Smart Growth Vermont Embarks on A New Future
The Vermont Natural Resources Council (VNRC) and Smart Growth Vermont (SGV) announced a strategic merger to more efficiently and effectively promote land use and community development policies that best serve the state’s ecological, economic and social needs.
Effective July 1, 2011, SGV’s key programs will be consolidated with VNRC’s Sustainable Communities program. It is anticipated that some SGV board members will join VNRC’s board, and that John Ewing – SGV’s founder and former Board Chair – will serve on VNRC’s advisory committee.
SGV (formerly the Vermont Forum on Sprawl) was founded in 1998 to support development patterns that reinforce downtowns and compact neighborhoods. Over that time, SGV has worked with other organizations, including Preservation Trust of Vermont, Housing Vermont, and VNRC on a variety of initiatives, including strengthening the state’s Downtown Program, enacting Growth Centers legislation, and providing assistance to communities engaged in smart growth planning.
Ewing explained that “the merger is a logical integration of two organizations that have been working side by side for years and one that will create a unified voice for smart growth and expanded leverage and greater efficiencies at a time when nonprofits are struggling to sustain themselves.”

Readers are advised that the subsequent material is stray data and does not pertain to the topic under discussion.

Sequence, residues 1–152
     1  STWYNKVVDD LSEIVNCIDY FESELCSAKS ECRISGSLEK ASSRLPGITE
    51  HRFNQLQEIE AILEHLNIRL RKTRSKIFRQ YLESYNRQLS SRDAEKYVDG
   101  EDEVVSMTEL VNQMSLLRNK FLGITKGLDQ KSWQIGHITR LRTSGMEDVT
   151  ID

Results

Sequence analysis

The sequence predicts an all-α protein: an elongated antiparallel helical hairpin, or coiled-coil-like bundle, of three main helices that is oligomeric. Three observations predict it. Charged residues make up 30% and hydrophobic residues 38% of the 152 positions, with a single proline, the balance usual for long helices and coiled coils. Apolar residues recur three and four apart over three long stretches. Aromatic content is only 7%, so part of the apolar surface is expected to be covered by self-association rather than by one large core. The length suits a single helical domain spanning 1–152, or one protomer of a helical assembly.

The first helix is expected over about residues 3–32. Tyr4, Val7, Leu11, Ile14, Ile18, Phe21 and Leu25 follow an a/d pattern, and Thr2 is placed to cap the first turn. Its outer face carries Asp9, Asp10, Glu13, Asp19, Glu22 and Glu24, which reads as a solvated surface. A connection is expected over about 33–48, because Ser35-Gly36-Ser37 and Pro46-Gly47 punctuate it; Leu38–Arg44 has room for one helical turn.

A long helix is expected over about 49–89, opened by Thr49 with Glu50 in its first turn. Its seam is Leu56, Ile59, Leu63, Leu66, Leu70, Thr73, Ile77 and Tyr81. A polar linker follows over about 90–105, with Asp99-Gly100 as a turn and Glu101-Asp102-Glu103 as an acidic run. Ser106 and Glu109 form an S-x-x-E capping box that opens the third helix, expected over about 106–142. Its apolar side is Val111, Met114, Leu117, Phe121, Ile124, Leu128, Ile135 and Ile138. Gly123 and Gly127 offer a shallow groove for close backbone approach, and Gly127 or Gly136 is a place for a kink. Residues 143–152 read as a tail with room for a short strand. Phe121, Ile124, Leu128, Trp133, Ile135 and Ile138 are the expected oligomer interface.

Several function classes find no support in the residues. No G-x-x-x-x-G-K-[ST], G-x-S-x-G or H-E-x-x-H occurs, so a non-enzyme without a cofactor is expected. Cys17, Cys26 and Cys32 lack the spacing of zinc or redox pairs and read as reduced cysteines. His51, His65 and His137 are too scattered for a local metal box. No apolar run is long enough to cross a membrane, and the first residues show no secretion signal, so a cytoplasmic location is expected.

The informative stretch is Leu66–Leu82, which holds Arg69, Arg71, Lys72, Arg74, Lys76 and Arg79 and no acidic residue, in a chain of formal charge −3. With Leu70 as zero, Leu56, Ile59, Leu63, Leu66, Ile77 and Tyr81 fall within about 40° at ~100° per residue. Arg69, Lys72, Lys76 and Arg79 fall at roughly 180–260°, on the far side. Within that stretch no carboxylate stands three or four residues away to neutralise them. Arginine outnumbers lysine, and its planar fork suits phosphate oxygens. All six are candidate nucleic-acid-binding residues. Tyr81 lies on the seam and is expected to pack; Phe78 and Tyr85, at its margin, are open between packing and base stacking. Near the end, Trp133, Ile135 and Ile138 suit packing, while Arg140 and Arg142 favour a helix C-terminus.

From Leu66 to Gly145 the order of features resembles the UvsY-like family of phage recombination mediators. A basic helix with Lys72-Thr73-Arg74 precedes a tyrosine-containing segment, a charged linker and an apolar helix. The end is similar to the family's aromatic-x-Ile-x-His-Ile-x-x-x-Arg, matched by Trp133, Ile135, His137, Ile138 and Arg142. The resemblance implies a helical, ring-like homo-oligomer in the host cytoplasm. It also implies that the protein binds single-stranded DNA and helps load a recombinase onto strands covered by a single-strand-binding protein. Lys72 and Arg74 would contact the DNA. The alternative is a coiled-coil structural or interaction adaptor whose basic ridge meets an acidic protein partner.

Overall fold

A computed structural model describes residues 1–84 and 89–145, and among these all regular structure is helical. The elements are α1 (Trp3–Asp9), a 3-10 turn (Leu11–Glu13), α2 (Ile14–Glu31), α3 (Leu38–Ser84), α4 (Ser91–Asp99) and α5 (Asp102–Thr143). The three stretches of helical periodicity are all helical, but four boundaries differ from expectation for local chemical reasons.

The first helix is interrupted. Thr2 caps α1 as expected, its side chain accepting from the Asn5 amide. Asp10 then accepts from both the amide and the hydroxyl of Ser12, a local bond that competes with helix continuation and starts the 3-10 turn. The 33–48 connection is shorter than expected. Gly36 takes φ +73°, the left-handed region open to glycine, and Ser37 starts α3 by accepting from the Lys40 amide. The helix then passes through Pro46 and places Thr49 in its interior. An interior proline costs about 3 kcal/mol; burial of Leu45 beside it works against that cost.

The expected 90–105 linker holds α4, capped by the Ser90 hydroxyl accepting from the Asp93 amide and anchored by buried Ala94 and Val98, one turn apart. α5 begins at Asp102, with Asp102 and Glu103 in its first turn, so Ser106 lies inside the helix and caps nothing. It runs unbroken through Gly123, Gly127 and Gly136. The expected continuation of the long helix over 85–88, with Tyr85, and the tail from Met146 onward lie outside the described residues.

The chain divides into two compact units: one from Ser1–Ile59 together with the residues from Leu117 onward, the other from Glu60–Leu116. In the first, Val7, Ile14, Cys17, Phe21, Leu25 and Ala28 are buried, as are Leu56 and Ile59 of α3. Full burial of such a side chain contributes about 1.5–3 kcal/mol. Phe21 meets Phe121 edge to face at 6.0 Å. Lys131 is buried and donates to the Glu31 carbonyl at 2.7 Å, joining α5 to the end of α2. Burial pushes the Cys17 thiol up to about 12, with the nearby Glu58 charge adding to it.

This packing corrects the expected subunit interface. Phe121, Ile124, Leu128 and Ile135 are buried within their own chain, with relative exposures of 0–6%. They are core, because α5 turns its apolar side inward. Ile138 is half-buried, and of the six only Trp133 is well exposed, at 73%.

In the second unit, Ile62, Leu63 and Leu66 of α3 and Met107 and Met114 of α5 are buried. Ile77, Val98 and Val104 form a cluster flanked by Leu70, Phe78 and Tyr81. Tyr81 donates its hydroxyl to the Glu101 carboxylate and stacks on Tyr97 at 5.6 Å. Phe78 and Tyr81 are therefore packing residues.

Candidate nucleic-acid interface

VNRC was founded in 1963 to support good stewardship of Vermont’s natural resources and working landscape. According to VNRC Executive Director Elizabeth Courtney, the two organizations’ decision to join forces will strengthen VNRC’s focus on community development and smart growth issues.
“SGV has been a leader in bringing people to the table in an attempt to solve Vermont’s thorniest land use and development challenges” Courtney explained. “The programs that they have developed, such as the on-line community planning toolbox, will enhance the work we are doing with communities, state officials, and the development community.”
The merger is the result of a five month process that began soon after former Executive Director Noelle MacKay left the organization to become Commissioner of the Vermont Department of Housing, Economic Development & Community Affairs in January. “We decided to explore all options for the future. After interviewing stakeholders and meeting with funders and donors, the decision was made that SGV‘s mission would be best served by joining forces with VNRC,” Ewing explained.
According to Ewing, a key to the success of the merger has been the leadership provided by VNRC’s Deputy Director Brian Shupe, who served as Program Director for SGV before joing VNRC in 2008. “Brian was heavily involved in SGV’s work. His passion for Vermont, commitment to smart growth and willingness to work with people with vastly different perspectives to find common ground is an important part of SGV’s legacy that will be well served at VNRC.”